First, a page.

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By Deborah Rothberg  |  Posted 2006-12-01 Email Print this article Print
 
 
 
 
 
 
 


-1B still a hot button"> "Unless the employer is familiar with the school the job candidate attended or the organizations that candidate may have previously worked for, he or she has no independent means of knowing how rigorous the program or experience is. When a job candidate comes to an employer with a degree and recognized and accepted professional certifications, it gives the employer more to go on," Venator said.

5. H-1B Still a Hot Button
From accusations of discrimination to a demand so strong that a years supply was depleted in but two days, H-1B temporary work visas were contentious and fiercely-debated topic in 2006, and experts expect little change in 2007.
Melland said that there is an increasing amount of pressure by very large companies on Congress to raise the H-1B limits. "The allotted visas for this fiscal year were filled in less than two days, which is a indication of how much U.S.-based companies are trying to grab talent from overseas. This trend is not going to change," Melland said. There are many career paths that lead to CIO. Click here to read more.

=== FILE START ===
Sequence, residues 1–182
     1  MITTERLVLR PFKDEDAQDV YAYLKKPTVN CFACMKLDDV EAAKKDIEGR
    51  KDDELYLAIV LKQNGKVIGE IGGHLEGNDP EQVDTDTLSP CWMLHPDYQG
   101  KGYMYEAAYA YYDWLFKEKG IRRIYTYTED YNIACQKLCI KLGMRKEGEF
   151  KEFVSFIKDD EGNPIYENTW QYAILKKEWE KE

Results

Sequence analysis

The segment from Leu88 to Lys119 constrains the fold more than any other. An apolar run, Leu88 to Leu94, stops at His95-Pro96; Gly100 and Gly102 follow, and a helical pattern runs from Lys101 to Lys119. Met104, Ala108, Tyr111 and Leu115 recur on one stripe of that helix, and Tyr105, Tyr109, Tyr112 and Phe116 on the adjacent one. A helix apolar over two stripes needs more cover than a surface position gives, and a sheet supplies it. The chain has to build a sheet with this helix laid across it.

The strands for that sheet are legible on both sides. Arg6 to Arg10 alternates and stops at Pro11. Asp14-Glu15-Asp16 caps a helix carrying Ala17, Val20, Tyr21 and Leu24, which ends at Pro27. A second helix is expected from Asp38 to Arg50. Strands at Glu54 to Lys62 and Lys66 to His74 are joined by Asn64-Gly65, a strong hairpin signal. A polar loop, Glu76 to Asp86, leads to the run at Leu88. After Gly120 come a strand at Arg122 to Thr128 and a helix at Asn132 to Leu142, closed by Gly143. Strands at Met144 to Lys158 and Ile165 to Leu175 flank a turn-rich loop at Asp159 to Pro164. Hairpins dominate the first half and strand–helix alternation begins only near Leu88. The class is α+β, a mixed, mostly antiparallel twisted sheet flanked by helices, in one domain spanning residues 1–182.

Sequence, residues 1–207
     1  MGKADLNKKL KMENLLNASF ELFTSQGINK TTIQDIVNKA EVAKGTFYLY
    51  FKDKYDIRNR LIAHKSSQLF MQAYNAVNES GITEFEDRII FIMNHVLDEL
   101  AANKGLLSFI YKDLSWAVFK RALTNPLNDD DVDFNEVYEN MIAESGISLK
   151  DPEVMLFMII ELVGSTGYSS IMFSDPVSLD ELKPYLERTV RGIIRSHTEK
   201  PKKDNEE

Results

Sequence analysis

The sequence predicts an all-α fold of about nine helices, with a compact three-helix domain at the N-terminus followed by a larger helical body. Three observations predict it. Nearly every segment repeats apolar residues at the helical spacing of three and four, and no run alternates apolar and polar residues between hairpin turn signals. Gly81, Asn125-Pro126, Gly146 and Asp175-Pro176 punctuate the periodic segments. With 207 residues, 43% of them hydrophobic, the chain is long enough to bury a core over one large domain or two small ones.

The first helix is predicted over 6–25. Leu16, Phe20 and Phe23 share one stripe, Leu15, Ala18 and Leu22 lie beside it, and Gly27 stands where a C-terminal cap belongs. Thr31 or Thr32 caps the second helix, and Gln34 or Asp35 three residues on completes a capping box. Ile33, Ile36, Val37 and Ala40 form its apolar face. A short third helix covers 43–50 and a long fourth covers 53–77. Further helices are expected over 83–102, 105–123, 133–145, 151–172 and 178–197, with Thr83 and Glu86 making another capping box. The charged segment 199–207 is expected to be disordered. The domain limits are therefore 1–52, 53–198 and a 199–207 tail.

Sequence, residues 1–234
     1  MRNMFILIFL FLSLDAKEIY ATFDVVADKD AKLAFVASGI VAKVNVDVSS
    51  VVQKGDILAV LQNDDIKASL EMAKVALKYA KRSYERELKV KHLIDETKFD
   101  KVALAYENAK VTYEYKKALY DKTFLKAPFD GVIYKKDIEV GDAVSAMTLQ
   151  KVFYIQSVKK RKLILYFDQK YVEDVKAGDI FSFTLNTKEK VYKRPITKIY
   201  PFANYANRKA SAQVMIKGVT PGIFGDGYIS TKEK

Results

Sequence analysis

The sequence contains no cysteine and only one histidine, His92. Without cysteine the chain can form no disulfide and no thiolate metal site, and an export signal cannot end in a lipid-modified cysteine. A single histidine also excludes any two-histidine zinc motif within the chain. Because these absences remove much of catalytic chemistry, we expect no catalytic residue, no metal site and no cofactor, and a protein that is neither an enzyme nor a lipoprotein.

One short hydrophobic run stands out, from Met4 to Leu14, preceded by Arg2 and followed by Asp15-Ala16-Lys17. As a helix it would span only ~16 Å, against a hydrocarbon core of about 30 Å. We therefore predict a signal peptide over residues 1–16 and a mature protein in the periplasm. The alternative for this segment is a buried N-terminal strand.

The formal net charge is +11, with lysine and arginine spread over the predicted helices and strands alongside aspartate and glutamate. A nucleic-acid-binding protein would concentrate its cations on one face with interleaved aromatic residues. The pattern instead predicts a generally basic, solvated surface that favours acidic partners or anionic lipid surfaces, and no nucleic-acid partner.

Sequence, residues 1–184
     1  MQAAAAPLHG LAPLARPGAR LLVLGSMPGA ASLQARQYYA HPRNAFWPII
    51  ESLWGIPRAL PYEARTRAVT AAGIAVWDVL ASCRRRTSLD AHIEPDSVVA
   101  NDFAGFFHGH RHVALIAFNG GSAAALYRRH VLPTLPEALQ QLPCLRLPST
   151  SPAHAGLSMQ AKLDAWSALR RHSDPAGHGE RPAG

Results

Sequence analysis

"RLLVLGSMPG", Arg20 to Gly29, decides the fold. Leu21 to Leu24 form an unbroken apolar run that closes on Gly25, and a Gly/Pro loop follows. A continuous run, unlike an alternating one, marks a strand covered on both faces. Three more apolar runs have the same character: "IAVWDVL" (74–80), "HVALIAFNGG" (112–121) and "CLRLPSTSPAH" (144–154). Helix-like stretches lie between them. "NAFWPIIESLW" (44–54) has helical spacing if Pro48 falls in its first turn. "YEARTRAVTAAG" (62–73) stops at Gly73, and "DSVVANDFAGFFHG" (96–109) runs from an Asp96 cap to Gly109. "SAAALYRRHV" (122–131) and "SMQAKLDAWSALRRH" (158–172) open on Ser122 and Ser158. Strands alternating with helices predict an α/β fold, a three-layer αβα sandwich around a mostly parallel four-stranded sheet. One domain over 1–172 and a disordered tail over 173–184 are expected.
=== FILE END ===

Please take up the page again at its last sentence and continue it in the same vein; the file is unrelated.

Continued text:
"While we cant predict what Congress is going to do, it is definitely the case that U.S. companies are feeling the pinch of not being about to bring in the specialized skills they used to be able to. Higher-end R&D is now largely off-shored, because many cant do the development over here anymore," said Melland. Yet, others viewed the H-1B visa program as declining in popularity. Ebner said that the H-1B process is much more expensive than it was a few years ago and that he is not seeing as much of a resurgence there. "I am seeing certain skill sets aggregated to some on-shore/off-shore consulting companies, but we have not needed to go the H1-B route to get talent, there is still enough talent to meet demand, though that pool is shrinking as organizations work to hire talented associates on a full-time basis rather than leverage their skills in a contract scenario," Ebner said. 6. Business Integration In the years since the dot-com boom then bust, there has been a push by IT professionals to get out of the dark rooms at the end of the hall and get involved in the business side of the organization. "More than ever before, IT is integrated into all aspects of business. …CIOs are spending less time on damage control and more time on setting strategy for the companys future. With that elevated stature, however, comes greater expectations. Top executives are demanding greater results from their IT investments. IT is being run like a business, with performance measures and return-on-investment metrics," said Venator. Because of this, said Venator, the demand is high for managers who can bring projects in on time, at or under budget, and that deliver the promised benefits valued by the organization. IT professionals will continue to see their positions move into more and more strategic roles in 2007, and the techies with the skills to support this broader role will find themselves with the most opportunities to choose from. "More than ever, companies value employees who can think strategically and communicate effectively, as well as those who possess strong business fundamentals," Venator said. "IT workers who understand how to use technology to meet business goals, and who can articulate this understanding, are golden in the eyes of employers." Finally, IT is in many ways distancing itself from its techie roots—where working in IT meant speaking in "ones and zeroes" all day—and becoming both the backbone and framework that makes an organization run. "There is a misperception that having a career in IT means working for an IT company. The reality is that better than 90 percent of IT jobs are with employers and industries other than IT," said Venator. Check out eWEEK.coms for the latest news, reviews and analysis on IT management from CIOInsight.com.


 
 
 
 
 
 
 
 
 
 
 

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